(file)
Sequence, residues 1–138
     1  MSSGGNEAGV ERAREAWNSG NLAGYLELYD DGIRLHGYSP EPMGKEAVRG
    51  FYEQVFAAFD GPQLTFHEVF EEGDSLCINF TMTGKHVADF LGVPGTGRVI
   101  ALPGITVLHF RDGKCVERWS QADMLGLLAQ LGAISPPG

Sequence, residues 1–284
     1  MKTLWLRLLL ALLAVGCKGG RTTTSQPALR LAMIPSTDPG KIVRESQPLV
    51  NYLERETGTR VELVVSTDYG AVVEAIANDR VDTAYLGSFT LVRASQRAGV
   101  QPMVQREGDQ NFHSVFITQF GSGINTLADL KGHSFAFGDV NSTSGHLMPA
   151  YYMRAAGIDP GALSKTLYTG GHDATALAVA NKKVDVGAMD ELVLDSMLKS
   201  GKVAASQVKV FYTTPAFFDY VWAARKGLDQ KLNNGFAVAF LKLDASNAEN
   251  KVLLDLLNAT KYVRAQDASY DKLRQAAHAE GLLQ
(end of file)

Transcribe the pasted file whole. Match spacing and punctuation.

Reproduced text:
Sequence, residues 1–138
     1  MSSGGNEAGV ERAREAWNSG NLAGYLELYD DGIRLHGYSP EPMGKEAVRG
    51  FYEQVFAAFD GPQLTFHEVF EEGDSLCINF TMTGKHVADF LGVPGTGRVI
   101  ALPGITVLHF RDGKCVERWS QADMLGLLAQ LGAISPPG

Sequence, residues 1–284
     1  MKTLWLRLLL ALLAVGCKGG RTTTSQPALR LAMIPSTDPG KIVRESQPLV
    51  NYLERETGTR VELVVSTDYG AVVEAIANDR VDTAYLGSFT LVRASQRAGV
   101  QPMVQREGDQ NFHSVFITQF GSGINTLADL KGHSFAFGDV NSTSGHLMPA
   151  YYMRAAGIDP GALSKTLYTG GHDATALAVA NKKVDVGAMD ELVLDSMLKS
   201  GKVAASQVKV FYTTPAFFDY VWAARKGLDQ KLNNGFAVAF LKLDASNAEN
   251  KVLLDLLNAT KYVRAQDASY DKLRQAAHAE GLLQ